A: Yes, it’s for
guys who love nice clothing, who spend a lot on it, who buy a suit or sportcoat
every six months. We arrange dinners for this select group, we fly them into
NYC to visit showrooms; they’re delighted to be part of something that reflects
their passion for fine clothing.

Q: So, your suit
business is holding up?

A: Yes, we’ve
maintained volume in suits, although it’s never been a huge percent to total.
Sportcoats are key. For spring: cotton/linen casual looks to wear with jeans.
But formal is also important: we sell dinner jackets at all prices. However, I
do believe that the next generation will wear more suits because their fathers

Q: If you’re selling
sportscoats rather than more expensive suits, how do you maintain volume?

A: It’s all about
storytelling. Nobody needs more clothing. It’s about creating some romance around
the clothing so that customers feel part of something special, whether its
sustainability, craftsmanship, a longstanding family tradition or a specific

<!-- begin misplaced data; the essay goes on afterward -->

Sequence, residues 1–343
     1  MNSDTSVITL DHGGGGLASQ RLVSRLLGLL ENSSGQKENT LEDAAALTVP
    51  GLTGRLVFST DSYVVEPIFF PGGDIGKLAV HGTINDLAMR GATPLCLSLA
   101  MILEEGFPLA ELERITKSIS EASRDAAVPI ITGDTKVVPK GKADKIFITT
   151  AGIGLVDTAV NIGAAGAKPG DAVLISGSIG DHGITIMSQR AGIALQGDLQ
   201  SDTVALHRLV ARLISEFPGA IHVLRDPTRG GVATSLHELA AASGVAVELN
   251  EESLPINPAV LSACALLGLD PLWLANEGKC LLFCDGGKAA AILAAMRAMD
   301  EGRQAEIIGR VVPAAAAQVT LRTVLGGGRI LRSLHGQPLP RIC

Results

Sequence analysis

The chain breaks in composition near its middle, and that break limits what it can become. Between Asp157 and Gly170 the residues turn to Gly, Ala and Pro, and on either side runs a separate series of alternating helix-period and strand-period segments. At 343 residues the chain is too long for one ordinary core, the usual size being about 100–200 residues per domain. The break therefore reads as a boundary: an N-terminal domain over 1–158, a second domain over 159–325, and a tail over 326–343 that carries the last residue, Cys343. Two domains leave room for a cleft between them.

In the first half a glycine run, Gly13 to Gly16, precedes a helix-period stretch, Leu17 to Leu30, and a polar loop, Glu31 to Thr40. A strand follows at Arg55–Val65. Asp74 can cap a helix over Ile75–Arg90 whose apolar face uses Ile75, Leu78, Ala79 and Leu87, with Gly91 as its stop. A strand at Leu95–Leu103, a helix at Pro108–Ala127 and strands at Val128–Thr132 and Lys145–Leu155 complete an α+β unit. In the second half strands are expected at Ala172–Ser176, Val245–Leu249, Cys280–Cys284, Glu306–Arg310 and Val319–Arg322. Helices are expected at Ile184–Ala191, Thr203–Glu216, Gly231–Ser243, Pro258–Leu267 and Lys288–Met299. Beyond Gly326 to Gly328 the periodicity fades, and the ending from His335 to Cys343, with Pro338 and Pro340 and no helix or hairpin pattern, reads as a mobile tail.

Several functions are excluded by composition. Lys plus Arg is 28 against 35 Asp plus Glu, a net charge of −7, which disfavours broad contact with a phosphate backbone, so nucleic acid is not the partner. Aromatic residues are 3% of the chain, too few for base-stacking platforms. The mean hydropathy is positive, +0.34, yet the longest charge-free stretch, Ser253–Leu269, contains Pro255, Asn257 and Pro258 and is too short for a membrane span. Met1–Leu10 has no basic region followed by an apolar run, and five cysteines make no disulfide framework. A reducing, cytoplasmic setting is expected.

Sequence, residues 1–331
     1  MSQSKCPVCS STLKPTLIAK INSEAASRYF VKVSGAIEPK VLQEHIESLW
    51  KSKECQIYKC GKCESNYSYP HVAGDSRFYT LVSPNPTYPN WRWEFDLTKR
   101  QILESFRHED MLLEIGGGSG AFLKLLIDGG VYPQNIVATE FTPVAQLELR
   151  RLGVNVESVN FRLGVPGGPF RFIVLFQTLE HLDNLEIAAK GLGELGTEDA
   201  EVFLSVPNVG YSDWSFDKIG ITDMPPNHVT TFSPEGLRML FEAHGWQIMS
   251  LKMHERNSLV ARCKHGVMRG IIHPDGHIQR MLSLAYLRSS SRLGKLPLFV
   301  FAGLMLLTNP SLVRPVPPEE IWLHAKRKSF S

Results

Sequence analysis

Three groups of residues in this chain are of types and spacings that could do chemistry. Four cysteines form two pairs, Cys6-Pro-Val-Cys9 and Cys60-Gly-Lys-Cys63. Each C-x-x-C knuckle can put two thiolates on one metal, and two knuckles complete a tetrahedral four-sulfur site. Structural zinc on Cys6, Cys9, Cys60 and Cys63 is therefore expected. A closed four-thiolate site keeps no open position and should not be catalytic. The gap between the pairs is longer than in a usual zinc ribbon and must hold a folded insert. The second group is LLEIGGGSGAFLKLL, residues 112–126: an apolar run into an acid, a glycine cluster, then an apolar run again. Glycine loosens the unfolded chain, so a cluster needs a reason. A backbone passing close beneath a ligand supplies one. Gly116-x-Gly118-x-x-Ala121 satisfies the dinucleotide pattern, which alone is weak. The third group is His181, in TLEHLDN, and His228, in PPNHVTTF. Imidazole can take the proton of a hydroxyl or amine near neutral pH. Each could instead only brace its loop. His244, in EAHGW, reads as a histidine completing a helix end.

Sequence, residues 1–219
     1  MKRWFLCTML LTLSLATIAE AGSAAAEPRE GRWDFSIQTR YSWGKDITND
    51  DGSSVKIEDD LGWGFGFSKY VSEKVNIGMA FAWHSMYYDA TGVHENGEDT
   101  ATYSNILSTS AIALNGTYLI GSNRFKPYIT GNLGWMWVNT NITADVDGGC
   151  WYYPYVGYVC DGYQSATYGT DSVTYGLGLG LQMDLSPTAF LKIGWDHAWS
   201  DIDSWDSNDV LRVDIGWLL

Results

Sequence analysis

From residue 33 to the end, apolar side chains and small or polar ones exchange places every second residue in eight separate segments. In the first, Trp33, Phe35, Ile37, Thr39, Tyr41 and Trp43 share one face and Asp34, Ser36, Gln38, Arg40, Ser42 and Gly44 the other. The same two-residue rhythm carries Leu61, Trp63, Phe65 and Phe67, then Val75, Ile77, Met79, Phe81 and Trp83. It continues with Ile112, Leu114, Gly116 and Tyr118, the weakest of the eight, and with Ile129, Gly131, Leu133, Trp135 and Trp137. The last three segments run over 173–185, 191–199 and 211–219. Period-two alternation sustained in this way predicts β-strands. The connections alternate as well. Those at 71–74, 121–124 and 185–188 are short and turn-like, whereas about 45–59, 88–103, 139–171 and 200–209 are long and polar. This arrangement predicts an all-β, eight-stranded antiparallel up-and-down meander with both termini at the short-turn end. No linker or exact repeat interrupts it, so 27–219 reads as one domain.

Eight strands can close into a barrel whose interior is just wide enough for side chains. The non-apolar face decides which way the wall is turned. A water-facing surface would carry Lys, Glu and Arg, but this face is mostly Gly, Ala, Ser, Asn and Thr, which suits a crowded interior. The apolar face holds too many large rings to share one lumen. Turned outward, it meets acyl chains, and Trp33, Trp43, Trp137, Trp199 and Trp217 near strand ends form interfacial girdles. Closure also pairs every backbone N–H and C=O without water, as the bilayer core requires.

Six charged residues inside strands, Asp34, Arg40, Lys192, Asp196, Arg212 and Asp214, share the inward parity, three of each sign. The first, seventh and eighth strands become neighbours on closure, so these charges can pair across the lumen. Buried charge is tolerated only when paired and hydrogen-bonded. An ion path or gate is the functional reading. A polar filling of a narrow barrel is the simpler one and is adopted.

town in Italy. It’s not about setting up a table with 20 pairs of jeans. It’s about
showing what to wear with the jeans, how to wear it, what to eat and drink when
wearing it. It’s about storytelling, fantasy, making it sexy.

Q: It that why you do
so many events?

A: Yes. We do at
least one major event every month: you need to give people a reason to come in.
And it’s not always a clothing focus: we just had a book signing (with
cocktails of course) and had 300 people in line waiting to get in… Whatever the
event costs, the ROI is priceless. To increase traffic these days, stores must
create and market interesting events.

Q: You do a lot of your volume with a few core brands: Is this a wise strategy?

A: We’re always
looking for new brands to develop but I strongly believe in partnerships, in
putting a lot of eggs in fewer baskets. Otherwise, there’s no real

Q: How much of your
business is from outside Grand Rapids?

A: Six of our top
50 customers are from other cities. Your clientele today has little to do with
geography: with the internet and social media, people will find you.

Q: How is your online

A: It’s